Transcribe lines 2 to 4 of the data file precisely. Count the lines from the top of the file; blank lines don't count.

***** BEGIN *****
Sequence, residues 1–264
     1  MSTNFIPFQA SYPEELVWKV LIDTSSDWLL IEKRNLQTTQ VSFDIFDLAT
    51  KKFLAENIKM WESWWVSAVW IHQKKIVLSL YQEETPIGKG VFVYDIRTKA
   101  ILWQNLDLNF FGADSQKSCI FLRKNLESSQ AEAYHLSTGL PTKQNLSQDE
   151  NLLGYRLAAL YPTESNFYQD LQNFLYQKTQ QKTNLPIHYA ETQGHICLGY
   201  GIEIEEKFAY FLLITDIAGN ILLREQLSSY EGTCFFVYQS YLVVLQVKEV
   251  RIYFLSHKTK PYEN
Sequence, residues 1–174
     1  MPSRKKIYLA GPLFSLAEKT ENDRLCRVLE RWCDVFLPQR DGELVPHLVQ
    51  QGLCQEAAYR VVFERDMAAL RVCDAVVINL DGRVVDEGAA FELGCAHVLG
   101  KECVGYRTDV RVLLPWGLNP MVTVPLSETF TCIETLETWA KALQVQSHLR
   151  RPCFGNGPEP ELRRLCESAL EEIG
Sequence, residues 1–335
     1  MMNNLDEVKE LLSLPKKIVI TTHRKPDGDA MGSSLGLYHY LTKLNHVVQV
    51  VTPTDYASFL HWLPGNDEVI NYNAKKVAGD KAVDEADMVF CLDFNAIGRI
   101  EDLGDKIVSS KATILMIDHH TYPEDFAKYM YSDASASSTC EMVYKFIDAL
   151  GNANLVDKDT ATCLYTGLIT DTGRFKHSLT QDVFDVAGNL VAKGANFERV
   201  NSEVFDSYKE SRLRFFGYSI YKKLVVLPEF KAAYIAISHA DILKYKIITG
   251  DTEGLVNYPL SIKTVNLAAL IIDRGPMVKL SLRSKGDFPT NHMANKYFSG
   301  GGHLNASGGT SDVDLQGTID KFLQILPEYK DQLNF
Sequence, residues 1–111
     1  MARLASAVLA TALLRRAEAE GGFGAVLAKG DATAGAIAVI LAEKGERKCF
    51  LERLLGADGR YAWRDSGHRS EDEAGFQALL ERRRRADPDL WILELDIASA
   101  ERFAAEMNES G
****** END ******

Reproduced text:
     1  MSTNFIPFQA SYPEELVWKV LIDTSSDWLL IEKRNLQTTQ VSFDIFDLAT
    51  KKFLAENIKM WESWWVSAVW IHQKKIVLSL YQEETPIGKG VFVYDIRTKA
   101  ILWQNLDLNF FGADSQKSCI FLRKNLESSQ AEAYHLSTGL PTKQNLSQDE